Figure 2: Reviews of books about Abraham Lincoln published in the Mississippi Valley Historical Review and the Journal of American History, 1914–2005, by reviewer.

Figure 2: Reviews of books about Abraham Lincoln published in the Mississippi Valley Historical Review and the Journal of American History, 1914–2005, by reviewer. note: All authors of at least 5 reviews are listed.

Moreover, the reviewing tasks were not taken up by the best and the brightest among Lincoln scholars. Between 1914 and 2005, the most prolific reviewer of books on Lincoln was Charles Hubert Coleman, who taught history and political science at Eastern Illinois State Normal School (now Eastern Illinois University) in Charleston, Illinois, one of the Lincoln-Douglas debate sites, and authored a small book on the Lincoln family in Coles County, Illinois. In number of reviews, he was followed by Milo Milton Quaife, a University of Chicago Ph.D., superintendent of the State Historical Society of Wisconsin, secretary of the Detroit Public Library’s Burton Historical Collection and editor of its publications, editor of the Review (1924–1930), and president of the mvha (1919–1920). Third place went to James L. Sellers, a professor of history at the University of Nebraska with no record of publishing on Lincoln.[5] Only after those three are the reviewers familiar names in the Lincoln community: James G. Randall, Richard N. Current, William Hesseltine, Harry Pratt, and David Herbert Donald.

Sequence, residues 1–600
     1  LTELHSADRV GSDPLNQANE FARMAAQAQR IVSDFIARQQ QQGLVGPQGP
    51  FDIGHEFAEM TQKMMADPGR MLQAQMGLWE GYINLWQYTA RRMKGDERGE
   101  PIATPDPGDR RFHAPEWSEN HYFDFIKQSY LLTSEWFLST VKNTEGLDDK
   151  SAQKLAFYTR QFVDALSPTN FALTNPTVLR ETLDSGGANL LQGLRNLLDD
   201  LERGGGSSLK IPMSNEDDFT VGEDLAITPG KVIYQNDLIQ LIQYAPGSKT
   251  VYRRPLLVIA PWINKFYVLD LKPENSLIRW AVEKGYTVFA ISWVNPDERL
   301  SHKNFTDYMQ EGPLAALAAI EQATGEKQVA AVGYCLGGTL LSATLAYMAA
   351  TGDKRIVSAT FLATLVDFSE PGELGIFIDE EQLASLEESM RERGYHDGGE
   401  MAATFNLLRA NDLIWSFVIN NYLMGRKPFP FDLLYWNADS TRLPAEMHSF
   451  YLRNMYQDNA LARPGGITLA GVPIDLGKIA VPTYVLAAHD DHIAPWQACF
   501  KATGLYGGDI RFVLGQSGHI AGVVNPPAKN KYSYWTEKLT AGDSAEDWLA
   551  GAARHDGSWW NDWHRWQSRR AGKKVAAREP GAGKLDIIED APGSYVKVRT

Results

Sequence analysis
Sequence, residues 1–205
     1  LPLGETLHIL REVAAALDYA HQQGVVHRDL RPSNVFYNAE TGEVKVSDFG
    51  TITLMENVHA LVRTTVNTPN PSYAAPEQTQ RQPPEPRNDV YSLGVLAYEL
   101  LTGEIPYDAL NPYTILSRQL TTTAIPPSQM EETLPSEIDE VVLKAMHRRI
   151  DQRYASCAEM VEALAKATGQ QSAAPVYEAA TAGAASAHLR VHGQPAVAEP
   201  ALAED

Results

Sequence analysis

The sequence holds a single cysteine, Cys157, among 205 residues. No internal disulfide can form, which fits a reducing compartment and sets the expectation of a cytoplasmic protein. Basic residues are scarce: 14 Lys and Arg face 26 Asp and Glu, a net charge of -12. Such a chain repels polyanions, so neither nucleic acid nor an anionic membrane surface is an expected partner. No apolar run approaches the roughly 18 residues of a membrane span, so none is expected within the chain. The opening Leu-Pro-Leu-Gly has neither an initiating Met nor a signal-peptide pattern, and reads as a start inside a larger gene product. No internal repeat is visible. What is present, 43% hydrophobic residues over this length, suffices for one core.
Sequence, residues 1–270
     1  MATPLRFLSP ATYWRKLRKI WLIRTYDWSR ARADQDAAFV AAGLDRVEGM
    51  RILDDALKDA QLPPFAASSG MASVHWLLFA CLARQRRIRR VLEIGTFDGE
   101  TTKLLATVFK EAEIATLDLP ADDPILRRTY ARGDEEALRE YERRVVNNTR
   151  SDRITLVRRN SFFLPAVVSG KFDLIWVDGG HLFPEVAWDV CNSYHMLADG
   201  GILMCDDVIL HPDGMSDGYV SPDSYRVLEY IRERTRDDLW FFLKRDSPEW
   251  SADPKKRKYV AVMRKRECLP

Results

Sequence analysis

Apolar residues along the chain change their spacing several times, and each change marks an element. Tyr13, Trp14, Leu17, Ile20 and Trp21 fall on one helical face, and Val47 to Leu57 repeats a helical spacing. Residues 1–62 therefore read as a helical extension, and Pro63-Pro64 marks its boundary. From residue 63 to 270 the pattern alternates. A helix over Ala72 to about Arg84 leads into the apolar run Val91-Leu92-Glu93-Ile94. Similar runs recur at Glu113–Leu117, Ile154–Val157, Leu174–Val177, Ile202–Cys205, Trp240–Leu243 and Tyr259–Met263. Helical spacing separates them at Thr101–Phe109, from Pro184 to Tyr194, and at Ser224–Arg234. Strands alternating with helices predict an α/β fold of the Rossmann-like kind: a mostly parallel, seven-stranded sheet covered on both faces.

Nor do the reviews demonstrate much appreciation for Lincoln’s injunction to show “malice toward none.” Few of them argue about any large interpretative issues, but they abound in meanness, pedantry, and parades of the reviewers’ own unappreciated virtues. When Arthur C. Cole reviewed Randall’s Constitutional Problems under Lincoln in 1928, he could not resist a Pecksniffian objection to “the author’s recourse” to “the first personal pronoun,” which “does not serve the desirable end of lightening the academic style of the text.” Otherwise, Cole confined his commentary on Constitutional Problems to the terse observations that “this study is rigidly and analytically logical,” with all the necessary dimensions of Lincoln’s behavior toward habeas corpus, military tribunals, and confiscation “systematically considered in their various aspects.” Only obliquely did Cole insert his real objection to the book, that Randall had been too forward in his identification of Lincoln’s wartime policies with Woodrow Wilson’s.[6]